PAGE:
Floyd CiruliFloyd CiruliJanuary 24, 20186min638

More than a decade ago, Colorado learned that it faces a projected shortfall of more than 400,000 acre-feet of water by 2040. The amount, if stored and if conservation techniques were implemented simultaneously, would supply water to 2 million people. But during the past 10 years, the state has continued to attract people – now, more than 2 million newcomers are expected to arrive by 2040. Meanwhile, Colorado is susceptible to drought cycles, with the last one occurring in 2012. This 2017-2018 winter season is certainly starting out exceptionally dry in the high country, which is of concern because the Front Range gets the majority of its water supply from mountain snowmelt. Water supply is a constant priority in Colorado.


Dan NjegomirDan NjegomirOctober 12, 20173min1097

Prominent and politically plugged-in Denver attorney Jon Anderson was elected 2017-18 chair today by the Board of Directors at the Colorado Association of Commerce and Industry. Anderson, a partner at prestigious law firm Holland and Hart who once served as chief counsel to then-Gov. Bill Owens, long has been a go-to guy in state Republican circles.

The association — “CACI” to its friends — is Colorado’s de facto chamber of commerce and the voice of the state’s biggest and most prominent businesses. An e-announcement about Anderson’s election quotes him regarding the organization’s role in the business climate:

“CACI has led the effort to establish Colorado as a pro-business state. … Colorado has the lowest unemployment rate in the country and is enjoying a thriving economy because of this focused effort to grow and expand our state economy. Colorado’s next challenge will be to ensure that state and local leaders do not take our thriving economy for granted.”

Anderson added a cautionary note: “Colorado has experienced a recent surge in legislation, ballot measures and policies that would hamper and harm Colorado businesses and Colorado workers.”

Longtime CACI President (and onetime state House Speaker) Chuck Berry weighed in:

“Jon has a keen sense of advocating for business interests in the public arena and he is an ideal person to lead our Board in these challenging times.”

Among the strong suits making him that ideal person:

Anderson’s political and election law practice includes representing corporations, non-profits, and candidates on federal, state, and local activities. In the current election cycle, Anderson represents members of the U.S. Senate, U.S. House of Representatives, a U.S. presidential campaign, non-profit organizations and multiple Super PACs and 527 committees. …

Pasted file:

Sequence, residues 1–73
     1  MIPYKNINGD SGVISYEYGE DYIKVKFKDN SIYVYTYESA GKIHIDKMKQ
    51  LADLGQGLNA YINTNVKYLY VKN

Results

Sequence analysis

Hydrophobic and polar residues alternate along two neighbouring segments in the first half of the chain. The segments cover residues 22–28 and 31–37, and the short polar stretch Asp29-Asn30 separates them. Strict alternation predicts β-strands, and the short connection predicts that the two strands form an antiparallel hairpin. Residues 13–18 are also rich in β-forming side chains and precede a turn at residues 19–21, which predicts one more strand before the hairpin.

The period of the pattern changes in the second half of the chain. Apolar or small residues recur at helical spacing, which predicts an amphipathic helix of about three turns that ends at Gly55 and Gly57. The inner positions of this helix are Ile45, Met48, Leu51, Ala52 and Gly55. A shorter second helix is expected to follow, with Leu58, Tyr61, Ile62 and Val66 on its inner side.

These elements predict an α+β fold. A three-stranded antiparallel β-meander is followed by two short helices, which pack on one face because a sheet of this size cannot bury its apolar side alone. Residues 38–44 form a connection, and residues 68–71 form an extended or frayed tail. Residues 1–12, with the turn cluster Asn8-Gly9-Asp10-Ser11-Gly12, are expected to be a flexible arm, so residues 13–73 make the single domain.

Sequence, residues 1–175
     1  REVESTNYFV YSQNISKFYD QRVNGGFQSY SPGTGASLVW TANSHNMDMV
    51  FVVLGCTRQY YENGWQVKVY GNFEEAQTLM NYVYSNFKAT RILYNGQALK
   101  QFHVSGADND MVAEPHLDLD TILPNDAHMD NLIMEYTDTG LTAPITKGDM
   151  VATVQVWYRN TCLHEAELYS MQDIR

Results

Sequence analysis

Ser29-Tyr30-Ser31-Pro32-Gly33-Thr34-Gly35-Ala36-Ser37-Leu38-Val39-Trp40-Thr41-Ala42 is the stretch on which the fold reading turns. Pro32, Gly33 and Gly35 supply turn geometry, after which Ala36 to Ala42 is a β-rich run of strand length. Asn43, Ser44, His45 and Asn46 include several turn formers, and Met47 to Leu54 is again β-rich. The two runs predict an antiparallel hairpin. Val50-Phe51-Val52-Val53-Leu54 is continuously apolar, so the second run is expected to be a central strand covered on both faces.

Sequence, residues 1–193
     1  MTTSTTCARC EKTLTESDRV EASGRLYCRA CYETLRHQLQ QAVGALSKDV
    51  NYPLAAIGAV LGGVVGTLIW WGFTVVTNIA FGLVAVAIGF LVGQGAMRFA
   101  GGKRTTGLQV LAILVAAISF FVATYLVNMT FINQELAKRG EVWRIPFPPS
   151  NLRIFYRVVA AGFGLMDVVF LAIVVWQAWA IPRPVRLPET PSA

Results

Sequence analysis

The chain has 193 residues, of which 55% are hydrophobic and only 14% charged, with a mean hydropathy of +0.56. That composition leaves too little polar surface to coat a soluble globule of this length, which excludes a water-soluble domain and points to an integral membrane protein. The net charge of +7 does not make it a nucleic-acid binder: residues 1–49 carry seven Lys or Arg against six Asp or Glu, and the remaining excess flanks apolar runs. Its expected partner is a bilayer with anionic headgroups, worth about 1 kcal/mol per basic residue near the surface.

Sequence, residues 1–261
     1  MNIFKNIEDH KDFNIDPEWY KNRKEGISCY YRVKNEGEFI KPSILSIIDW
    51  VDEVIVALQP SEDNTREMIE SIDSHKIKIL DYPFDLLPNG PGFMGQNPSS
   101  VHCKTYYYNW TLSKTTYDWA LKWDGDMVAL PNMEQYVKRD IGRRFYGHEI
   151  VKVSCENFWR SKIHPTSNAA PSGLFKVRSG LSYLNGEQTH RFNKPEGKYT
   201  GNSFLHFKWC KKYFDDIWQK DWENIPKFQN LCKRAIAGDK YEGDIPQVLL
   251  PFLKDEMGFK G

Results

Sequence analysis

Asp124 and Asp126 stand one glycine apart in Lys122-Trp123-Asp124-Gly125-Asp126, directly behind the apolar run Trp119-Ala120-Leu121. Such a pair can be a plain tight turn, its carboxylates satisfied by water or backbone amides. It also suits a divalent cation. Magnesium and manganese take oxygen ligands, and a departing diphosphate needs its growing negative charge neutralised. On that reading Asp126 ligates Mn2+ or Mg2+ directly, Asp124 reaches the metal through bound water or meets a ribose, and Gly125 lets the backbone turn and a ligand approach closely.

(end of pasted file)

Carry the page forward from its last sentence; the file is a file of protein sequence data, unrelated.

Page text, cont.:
… Anderson’s government practice is focused on high stakes matters before federal, state and local government. …

CACI’s board meanwhile also chose Rhonda Sparlin, a partner at RubinBrown LLP, as chair-elect, and elected several new board members. Here are details on those and other developments at CACI.


Dan NjegomirDan NjegomirOctober 11, 20173min1659

You know the war over Broomfield’s anti-fracking proposal — or any pending ballot issue, for that matter — is heating up when a former governor steps into the fray. Republican Bill Owens, who served as Colorado’s chief exec until 2007, took to the airwaves and digital media this week with a video denouncing Question 301 on Broomfield’s November ballot.

In the video, Owens calls 301 “a deceiving measure” and a “cynical power play focused on blocking energy development.” The former two-term guv also assures viewers “Colorado already has the toughest oil and gas regulations in the U.S.”

The proposal would grant the combined city-county municipality “plenary authority to regulate all aspects of oil and gas development, including land use and all necessary police powers.” Plenary means absolute (we had to look it up), and there’s a problem with that: It’s a power that the state government contends local governments don’t have.

If it passes, the ballot measure probably would set Broomfield on a collision course with the state as the Colorado Supreme Court has ruled the state government, via the Colorado Oil and Gas Conservation Commission, holds ultimate authority over oil and gas exploration.

That likely showdown prompted some residents to band together under the slogan, “Don’t let them divide Broomfield” in opposition to 301. They say they’re tired of their community serving as a jousting green over oil and gas politics.  In 2013, voters there OK’d a five-year drilling moratorium, but it was mooted by the aforementioned Supreme Court ruling. Earlier this year, voters turned back an attempt by anti-drilling resident-activists to recall a city council member perceived to be too soft on oil and gas exploration.